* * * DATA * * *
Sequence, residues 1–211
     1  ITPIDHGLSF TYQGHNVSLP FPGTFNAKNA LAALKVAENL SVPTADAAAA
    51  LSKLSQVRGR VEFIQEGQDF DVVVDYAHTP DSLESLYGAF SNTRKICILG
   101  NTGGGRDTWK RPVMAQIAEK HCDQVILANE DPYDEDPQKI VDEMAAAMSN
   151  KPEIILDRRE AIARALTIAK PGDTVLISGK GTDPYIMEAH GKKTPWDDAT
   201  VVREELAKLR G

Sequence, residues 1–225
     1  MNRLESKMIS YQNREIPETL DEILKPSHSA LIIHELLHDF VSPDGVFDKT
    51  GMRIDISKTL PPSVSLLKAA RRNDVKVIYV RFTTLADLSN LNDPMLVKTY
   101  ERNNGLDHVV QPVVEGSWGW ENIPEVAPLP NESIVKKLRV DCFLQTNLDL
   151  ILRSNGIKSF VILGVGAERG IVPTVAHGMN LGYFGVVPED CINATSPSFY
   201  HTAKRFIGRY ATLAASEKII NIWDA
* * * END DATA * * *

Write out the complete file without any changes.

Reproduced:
Sequence, residues 1–211
     1  ITPIDHGLSF TYQGHNVSLP FPGTFNAKNA LAALKVAENL SVPTADAAAA
    51  LSKLSQVRGR VEFIQEGQDF DVVVDYAHTP DSLESLYGAF SNTRKICILG
   101  NTGGGRDTWK RPVMAQIAEK HCDQVILANE DPYDEDPQKI VDEMAAAMSN
   151  KPEIILDRRE AIARALTIAK PGDTVLISGK GTDPYIMEAH GKKTPWDDAT
   201  VVREELAKLR G

Sequence, residues 1–225
     1  MNRLESKMIS YQNREIPETL DEILKPSHSA LIIHELLHDF VSPDGVFDKT
    51  GMRIDISKTL PPSVSLLKAA RRNDVKVIYV RFTTLADLSN LNDPMLVKTY
   101  ERNNGLDHVV QPVVEGSWGW ENIPEVAPLP NESIVKKLRV DCFLQTNLDL
   151  ILRSNGIKSF VILGVGAERG IVPTVAHGMN LGYFGVVPED CINATSPSFY
   201  HTAKRFIGRY ATLAASEKII NIWDA